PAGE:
ORLANDO, Fla.- – For only the 6th time since 1842, a second named storm has developed prior to the official start of hurricane season. Bertha formed and made landfall Wednesday morning along the South Carolina coast and is expected to bring heavy rain and gusty winds to the Palmetto State.
It’s no secret multiple forecast outlets, including NOAA, are predicting a much above-average hurricane season, and it appears those predictions could be coming true even before the official season gets underway.
Pre-season storms have become quite common of late, having had one each of the last 6 years. Getting a second named storm before June 1st is much more uncommon, occurring only in 1887, 1908, 1951, 2012, 2016 and now 2020. Satellites weren’t around until 1960, so it is possible two pre-season storms occurred more than the documented years if they weren’t observed by ships or hit land.
In the satellite era, however, this is only the third time two named storms have developed before June 1.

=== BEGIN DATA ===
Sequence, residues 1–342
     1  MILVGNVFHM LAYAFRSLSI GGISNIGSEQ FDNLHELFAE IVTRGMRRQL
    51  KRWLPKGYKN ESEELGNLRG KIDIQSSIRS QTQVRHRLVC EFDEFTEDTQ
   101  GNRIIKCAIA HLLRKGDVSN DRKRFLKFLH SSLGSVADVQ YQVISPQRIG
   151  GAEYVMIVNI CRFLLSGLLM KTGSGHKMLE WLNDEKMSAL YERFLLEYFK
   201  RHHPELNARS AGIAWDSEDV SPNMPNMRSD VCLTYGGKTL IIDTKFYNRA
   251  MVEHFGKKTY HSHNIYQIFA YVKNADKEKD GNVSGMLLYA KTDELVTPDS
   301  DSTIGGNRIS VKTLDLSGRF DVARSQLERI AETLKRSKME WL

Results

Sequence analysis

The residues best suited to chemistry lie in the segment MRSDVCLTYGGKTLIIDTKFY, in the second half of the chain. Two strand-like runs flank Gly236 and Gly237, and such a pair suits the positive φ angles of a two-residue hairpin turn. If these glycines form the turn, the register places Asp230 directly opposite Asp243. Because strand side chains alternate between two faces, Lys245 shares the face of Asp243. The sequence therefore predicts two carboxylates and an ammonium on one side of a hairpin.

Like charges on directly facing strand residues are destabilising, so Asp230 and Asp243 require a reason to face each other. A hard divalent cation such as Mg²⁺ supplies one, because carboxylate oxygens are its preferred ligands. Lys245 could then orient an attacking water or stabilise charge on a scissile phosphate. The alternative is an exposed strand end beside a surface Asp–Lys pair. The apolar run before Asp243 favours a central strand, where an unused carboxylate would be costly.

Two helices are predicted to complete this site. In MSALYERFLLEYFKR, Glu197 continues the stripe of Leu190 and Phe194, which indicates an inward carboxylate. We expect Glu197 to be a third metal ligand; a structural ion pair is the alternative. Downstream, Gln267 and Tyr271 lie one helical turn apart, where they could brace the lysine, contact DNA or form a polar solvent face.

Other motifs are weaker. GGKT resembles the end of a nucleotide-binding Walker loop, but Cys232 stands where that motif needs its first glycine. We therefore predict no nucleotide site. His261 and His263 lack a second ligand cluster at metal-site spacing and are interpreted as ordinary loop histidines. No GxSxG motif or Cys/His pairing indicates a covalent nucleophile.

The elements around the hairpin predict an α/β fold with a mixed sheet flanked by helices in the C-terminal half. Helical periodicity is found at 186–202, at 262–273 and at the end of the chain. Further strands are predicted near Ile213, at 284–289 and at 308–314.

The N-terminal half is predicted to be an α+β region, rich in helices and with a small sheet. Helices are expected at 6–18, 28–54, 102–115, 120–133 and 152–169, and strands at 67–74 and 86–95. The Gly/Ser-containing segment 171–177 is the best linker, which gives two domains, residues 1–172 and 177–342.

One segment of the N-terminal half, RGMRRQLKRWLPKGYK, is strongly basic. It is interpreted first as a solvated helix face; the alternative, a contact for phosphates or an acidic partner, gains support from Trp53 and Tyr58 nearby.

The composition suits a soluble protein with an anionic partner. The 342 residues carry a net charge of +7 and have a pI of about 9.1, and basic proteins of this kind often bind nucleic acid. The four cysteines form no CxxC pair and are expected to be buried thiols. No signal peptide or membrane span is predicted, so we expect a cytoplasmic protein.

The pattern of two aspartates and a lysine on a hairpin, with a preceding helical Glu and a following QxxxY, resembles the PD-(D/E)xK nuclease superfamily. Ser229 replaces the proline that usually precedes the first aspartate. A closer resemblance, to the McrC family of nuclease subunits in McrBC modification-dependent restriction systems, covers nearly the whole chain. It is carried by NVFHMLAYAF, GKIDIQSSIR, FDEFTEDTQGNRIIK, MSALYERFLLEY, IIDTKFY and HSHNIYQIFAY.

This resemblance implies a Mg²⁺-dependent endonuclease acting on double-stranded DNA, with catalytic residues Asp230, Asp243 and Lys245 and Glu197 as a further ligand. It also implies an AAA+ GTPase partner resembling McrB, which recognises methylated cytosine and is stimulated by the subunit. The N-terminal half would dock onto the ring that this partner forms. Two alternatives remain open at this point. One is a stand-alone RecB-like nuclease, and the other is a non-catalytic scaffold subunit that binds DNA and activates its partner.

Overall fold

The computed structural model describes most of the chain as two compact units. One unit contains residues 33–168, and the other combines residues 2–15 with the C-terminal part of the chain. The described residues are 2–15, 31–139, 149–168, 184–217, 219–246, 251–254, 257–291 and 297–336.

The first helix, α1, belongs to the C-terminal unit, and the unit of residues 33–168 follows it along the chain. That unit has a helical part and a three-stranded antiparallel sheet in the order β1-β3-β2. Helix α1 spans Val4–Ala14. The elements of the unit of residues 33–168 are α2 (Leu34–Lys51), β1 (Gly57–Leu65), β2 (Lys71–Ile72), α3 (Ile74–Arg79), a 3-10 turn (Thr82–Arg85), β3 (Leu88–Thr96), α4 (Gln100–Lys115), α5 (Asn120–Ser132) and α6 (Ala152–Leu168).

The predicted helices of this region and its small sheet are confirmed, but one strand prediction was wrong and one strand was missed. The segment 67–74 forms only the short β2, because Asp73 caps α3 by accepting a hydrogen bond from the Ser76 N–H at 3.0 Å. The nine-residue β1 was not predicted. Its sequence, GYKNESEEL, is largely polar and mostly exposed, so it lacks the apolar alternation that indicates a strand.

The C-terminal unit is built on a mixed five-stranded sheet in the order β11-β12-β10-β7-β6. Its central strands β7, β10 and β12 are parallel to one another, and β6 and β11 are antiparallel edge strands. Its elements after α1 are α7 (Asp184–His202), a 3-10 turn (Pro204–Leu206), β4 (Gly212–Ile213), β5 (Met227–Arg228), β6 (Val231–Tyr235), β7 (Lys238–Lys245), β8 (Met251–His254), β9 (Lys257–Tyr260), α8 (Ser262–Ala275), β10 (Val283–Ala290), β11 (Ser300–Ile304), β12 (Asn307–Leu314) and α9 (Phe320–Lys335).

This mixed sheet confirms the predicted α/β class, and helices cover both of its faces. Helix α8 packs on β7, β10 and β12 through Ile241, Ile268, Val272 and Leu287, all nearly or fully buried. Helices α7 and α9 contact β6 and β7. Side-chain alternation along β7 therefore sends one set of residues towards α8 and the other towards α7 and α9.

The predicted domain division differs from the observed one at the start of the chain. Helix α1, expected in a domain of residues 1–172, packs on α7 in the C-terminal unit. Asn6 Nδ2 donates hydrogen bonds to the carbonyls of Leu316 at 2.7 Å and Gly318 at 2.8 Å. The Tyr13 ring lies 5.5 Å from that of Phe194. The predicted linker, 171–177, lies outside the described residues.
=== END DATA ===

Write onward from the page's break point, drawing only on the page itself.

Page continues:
1887 and 2012 were both extremely active with 19 named storms for the season, while 2016 had 15. 1951 had a total of 12 storms. 1908 only saw 8 more storms after the very fast start to the season. The average number of named storms for a season is 12.
Regardless of whether it’s actually an active season or not, it is important to remember the phrase it only takes one and to always be vigilant and prepared. You can download the News 6 Hurricane Preparedness checklist here.
This year the COVID-19 pandemic is adding challenges to hurricane preparedness.
Tune into News 6 on June 1, the official start of hurricane season, for a full day of storm-prep coverage. Submit your questions for a chance to have them answered from 7-8 p.m.
To stay up to date on potential approaching storms, download the Pinpoint Weather App and Pinpoint Hurricane Tracker for free:
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